Clarke Rocked by Backlash over Secret Court Hearings

Daily Mail (London), March 7, 2012 | Go to article overview

Clarke Rocked by Backlash over Secret Court Hearings


Byline: James Chapman Political Editor

KENNETH Clarke yesterday admitted he was 'most unsettled' by criticism of plans to extend secret court hearings but conceded some reforms were necessary to 'satisfy the Americans'.

The Justice Secretary - facing a grilling from sceptical MPs and peers - accepted draft legislation would have to be amended to narrow the broad range of cases that ministers could order to be held behind closed doors.

But he insisted that in the most sensitive cases of national security, it was vital to change the law to reassure Washington that sensitive intelligence they shared with Britain would not be publicly disclosed.

In the case of Binyam Mohamed, a former Guantanamo Bay prisoner who sought to sue the Government for complicity in torture, ministers tried to conceal U.S. documents disclosing his alleged torture - but were overruled by the courts. Mr Clarke said: 'In an ideal world we would want every case to be conducted in a perfectly open way.

'[But] I would like to satisfy the Americans that if they give us material in confidence that we will not break that confidence.' The coalition has been accused of violating the most basic principles of justice by proposing to extend secret hearings to all civil proceedings and inquests.

The Daily Mail has revealed growing cross-party concern, shared even by the vast majority of special advocates, the security-cleared lawyers who would be expected to administer the new system.

Mr Clarke, appearing before the joint committee on human rights yesterday, said he was 'most unsettled' by the reaction of special advocates, admitting he was 'very startled by their strong reaction'.

The group, which includes 19 QCs, says the Government's plans 'represent a departure from the foundational principle of natural justice' and 'undermine the principle that public justice should be dispensed in public'.

The Justice Secretary suggested the Government now intended to narrow the circumstances in which ministers can decree cases might 'damage the public interest' if held in public, and strengthen judicial oversight.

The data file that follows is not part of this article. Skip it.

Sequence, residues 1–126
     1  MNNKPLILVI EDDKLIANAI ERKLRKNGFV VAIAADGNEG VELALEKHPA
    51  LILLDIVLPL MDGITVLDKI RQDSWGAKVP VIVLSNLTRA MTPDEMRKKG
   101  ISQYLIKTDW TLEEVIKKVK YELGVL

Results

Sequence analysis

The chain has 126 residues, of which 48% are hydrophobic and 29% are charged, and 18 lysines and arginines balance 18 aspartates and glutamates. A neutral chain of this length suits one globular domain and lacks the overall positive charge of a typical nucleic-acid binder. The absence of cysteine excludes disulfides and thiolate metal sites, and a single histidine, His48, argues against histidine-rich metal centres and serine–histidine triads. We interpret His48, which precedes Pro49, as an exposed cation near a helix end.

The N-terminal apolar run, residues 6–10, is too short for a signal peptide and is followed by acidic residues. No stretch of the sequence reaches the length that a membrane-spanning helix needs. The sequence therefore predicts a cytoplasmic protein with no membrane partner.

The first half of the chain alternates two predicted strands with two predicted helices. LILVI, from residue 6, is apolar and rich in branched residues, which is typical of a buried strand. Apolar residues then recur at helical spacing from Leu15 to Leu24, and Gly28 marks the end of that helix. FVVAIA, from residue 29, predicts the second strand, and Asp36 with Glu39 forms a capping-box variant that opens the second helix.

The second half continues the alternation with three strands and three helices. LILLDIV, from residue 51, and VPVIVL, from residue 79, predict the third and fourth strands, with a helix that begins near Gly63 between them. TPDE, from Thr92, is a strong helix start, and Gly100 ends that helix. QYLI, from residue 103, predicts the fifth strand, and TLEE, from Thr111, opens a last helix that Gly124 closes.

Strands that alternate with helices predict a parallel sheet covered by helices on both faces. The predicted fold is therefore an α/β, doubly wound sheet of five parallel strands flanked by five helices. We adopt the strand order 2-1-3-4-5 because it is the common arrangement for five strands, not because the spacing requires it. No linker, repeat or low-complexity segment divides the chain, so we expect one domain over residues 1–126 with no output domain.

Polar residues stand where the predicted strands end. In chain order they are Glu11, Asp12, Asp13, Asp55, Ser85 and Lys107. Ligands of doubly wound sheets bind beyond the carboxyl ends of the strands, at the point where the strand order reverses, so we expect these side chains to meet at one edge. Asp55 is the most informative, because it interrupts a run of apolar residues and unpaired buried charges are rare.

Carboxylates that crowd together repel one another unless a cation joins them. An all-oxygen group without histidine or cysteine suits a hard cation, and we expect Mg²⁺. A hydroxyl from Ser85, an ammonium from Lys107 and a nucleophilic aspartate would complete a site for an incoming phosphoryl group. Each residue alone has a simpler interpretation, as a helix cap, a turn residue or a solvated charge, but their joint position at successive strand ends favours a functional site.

The rest of this article is only available to active members of Questia

Sign up now for a free, 1-day trial and receive full access to:

  • Questia's entire collection
  • Automatic bibliography creation
  • More helpful research tools like notes, citations, and highlights
  • Ad-free environment

Already a member? Log in now.

Notes for this article

Add a new note
If you are trying to select text to create highlights or citations, remember that you must now click or tap on the first word, and then click or tap on the last word.
One moment ...
Project items

Items saved from this article

This article has been saved
Highlights (0)
Some of your highlights are legacy items.

Highlights saved before July 30, 2012 will not be displayed on their respective source pages.

You can easily re-create the highlights by opening the book page or article, selecting the text, and clicking “Highlight.”

Citations (0)
Some of your citations are legacy items.

Any citation created before July 30, 2012 will labeled as a “Cited page.” New citations will be saved as cited passages, pages or articles.

We also added the ability to view new citations from your projects or the book or article where you created them.

Notes (0)
Bookmarks (0)

You have no saved items from this article

Project items include:
  • Saved book/article
  • Highlights
  • Quotes/citations
  • Notes
  • Bookmarks
Notes
Cite this article

Cited article

Style
Citations are available only to our active members.
Sign up now to cite pages or passages in MLA, APA and Chicago citation styles.

(Einhorn, 1992, p. 25)

(Einhorn 25)

1

1. Lois J. Einhorn, Abraham Lincoln, the Orator: Penetrating the Lincoln Legend (Westport, CT: Greenwood Press, 1992), 25, http://www.questia.com/read/27419298.

Cited article

Clarke Rocked by Backlash over Secret Court Hearings
Settings

Settings

Typeface
Text size Smaller Larger
Search within

Search within this article

Look up

Look up a word

  • Dictionary
  • Thesaurus
Please submit a word or phrase above.
Print this page

Print this page

Why can't I print more than one page at a time?

Full screen

matching results for page

Cited passage

Style
Citations are available only to our active members.
Sign up now to cite pages or passages in MLA, APA and Chicago citation styles.

"Portraying himself as an honest, ordinary person helped Lincoln identify with his audiences." (Einhorn, 1992, p. 25).

"Portraying himself as an honest, ordinary person helped Lincoln identify with his audiences." (Einhorn 25)

"Portraying himself as an honest, ordinary person helped Lincoln identify with his audiences."1

1. Lois J. Einhorn, Abraham Lincoln, the Orator: Penetrating the Lincoln Legend (Westport, CT: Greenwood Press, 1992), 25, http://www.questia.com/read/27419298.

Cited passage

Welcome to the new Questia Reader

The Questia Reader has been updated to provide you with an even better online reading experience.  It is now 100% Responsive, which means you can read our books and articles on any sized device you wish.  All of your favorite tools like notes, highlights, and citations are still here, but the way you select text has been updated to be easier to use, especially on touchscreen devices.  Here's how:

1. Click or tap the first word you want to select.
2. Click or tap the last word you want to select.

OK, got it!

Thanks for trying Questia!

Please continue trying out our research tools, but please note, full functionality is available only to our active members.

Your work will be lost once you leave this Web page.

For full access in an ad-free environment, sign up now for a FREE, 1-day trial.

Already a member? Log in now.